The University of Arizona’s Center for English as Second Language (CESL) is celebrating 50 years on campus.
In 1968, the center was formed when then-president of the university, Richard Harvill, asked Frank Pialorsi, a teacher and graduate student at the time, to run a summer program to teach English for international students.
With an instructor on hand, the center grew into a diverse set of language training programs, which expanded over time.
Nicholas Ferdinandt, current director of the CESL, said he looks at all the things the center has done in the last 50 years and to see “what works, and then leverage all that for the future.”
Through its professional, competitive and high-quality programs, the CESL prepares students to achieve educational, professional and personal success, according to its mission statement. It is the only nationally accredited intensive English program in Arizona.
The center has five separately accredited programs, all aiming to improve the learning of the community. The Intensive English Program, one of the oldest at the center, is the only Commission on English Language Program Accreditation accredited program in Arizona.
The Intensive English Program prepares students for academic and professional success through cultural and linguistic diversity and understanding through collaboration between the campus and community. This program holds low-level English classes for non-native speakers and is “something that isn’t as popular as it used to be,” according to Ferdinandt.
“You don’t have as many people needing low-level English,” Ferdinandt said.
The CESL also created a program known as the University Track Program, which takes students who are very close to getting accepted into the university and allows them to be concurrently enrolled at the UA taking one three-credit course while also taking English as a second language.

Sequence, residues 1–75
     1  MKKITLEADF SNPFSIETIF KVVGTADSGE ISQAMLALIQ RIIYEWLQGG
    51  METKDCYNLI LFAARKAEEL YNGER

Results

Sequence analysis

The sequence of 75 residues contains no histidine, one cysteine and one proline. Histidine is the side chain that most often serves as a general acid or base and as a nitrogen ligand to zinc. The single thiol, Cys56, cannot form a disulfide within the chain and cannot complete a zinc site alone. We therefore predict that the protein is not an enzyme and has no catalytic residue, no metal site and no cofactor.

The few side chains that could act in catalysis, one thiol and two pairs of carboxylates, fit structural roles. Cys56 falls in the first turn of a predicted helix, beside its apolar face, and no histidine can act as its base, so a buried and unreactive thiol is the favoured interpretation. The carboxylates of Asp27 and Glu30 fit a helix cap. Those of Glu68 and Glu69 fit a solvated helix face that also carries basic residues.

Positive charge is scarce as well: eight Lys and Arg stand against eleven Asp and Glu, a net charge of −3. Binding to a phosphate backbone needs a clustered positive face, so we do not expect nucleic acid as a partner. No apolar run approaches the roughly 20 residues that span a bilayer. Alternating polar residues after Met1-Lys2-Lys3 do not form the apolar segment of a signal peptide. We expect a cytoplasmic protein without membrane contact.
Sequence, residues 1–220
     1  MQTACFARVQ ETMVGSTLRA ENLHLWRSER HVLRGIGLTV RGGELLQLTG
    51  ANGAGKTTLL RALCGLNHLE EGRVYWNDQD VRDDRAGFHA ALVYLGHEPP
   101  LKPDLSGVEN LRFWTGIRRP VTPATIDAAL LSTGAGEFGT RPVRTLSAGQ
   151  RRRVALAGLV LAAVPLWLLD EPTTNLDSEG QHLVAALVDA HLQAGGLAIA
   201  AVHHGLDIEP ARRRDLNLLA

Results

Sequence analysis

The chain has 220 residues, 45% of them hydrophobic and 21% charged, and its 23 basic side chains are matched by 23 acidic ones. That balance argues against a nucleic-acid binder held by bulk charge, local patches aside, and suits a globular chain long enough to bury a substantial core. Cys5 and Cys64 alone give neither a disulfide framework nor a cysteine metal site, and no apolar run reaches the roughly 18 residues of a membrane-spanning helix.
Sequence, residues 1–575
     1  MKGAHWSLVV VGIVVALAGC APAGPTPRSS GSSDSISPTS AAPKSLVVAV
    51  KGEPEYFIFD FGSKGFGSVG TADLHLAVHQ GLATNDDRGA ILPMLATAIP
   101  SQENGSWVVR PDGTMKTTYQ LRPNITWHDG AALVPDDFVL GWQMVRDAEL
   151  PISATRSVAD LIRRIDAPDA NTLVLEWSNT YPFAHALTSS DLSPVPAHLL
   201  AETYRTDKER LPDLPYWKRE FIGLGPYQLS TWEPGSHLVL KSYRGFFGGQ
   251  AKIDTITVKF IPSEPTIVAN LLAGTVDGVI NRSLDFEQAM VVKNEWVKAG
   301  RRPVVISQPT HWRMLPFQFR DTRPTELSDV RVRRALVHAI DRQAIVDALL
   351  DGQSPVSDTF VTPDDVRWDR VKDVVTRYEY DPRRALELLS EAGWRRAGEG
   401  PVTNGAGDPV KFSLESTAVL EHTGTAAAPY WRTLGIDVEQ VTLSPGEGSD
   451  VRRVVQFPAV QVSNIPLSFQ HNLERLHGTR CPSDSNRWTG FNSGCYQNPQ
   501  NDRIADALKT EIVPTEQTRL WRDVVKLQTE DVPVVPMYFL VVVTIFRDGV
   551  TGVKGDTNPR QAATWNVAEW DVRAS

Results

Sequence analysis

“That’s a program we expect to grow, which is our [CESL] future,” Ferdinandt said. “We’re very agile on how we approach education.”
The CESL also has a program called Teaching English as a Foreign Language, which allows students or community members to teach English abroad through in-class or online courses.
The CESL is all self-funded, meaning it doesn’t receive state money, so most things the center does are entrepreneurial, which offers more of an outreach to the community.
“We’re a pipeline for the university, for students, for teachers and for the rest of the world,” Ferdinandt said.
The center focuses on programs that are reacting to the international environment and are relevant to both bringing in students and sending them abroad. The CESL has “30 countries represented at any given time, has served more than 40,000 students in its lifetime and hosted people from more than 120 countries,” according to Ferdinandt.
The center holds annual events celebrating its diversity, like the International Festival. This event allows international students involved with the CESL to showcase their countries with food, music, dance and other activities.
This festival proves to be not only a celebration of the CESL and the services it has provided to international students for the past 50 years, but also a celebration of the different cultures students bring to the UA.
One Chinese student, Cecilia Song, emphasized the importance of showing her fellow UA students a small piece of Chinese culture.
“It’s a way to show American students how the Chinese culture is — what we have, what we eat, what we do — just to share the culture,” Song said.
Ferdinandt said the center is a “hidden gem” that most students don’t know about and that, “being an intercultural space, it’s very unique on campus.”
The CESL is always recruiting students abroad to come to Tucson to take part in its learning programs. By Fall 2018, the CESL expects to receive more students from countries such as Thailand, Indonesia, Vietnam and China.
The CESL’s 50th anniversary celebration event will be May 12 in the CESL building located at 1100 James E. Rogers Way.
“We’ve been around for a long time. We belong to the College of Humanities, and we do a lot of humanities and a lot of intercultural understandings,” Ferdinandt said. “That’s really at the core of what we do, and this is the place to learn that on campus.”
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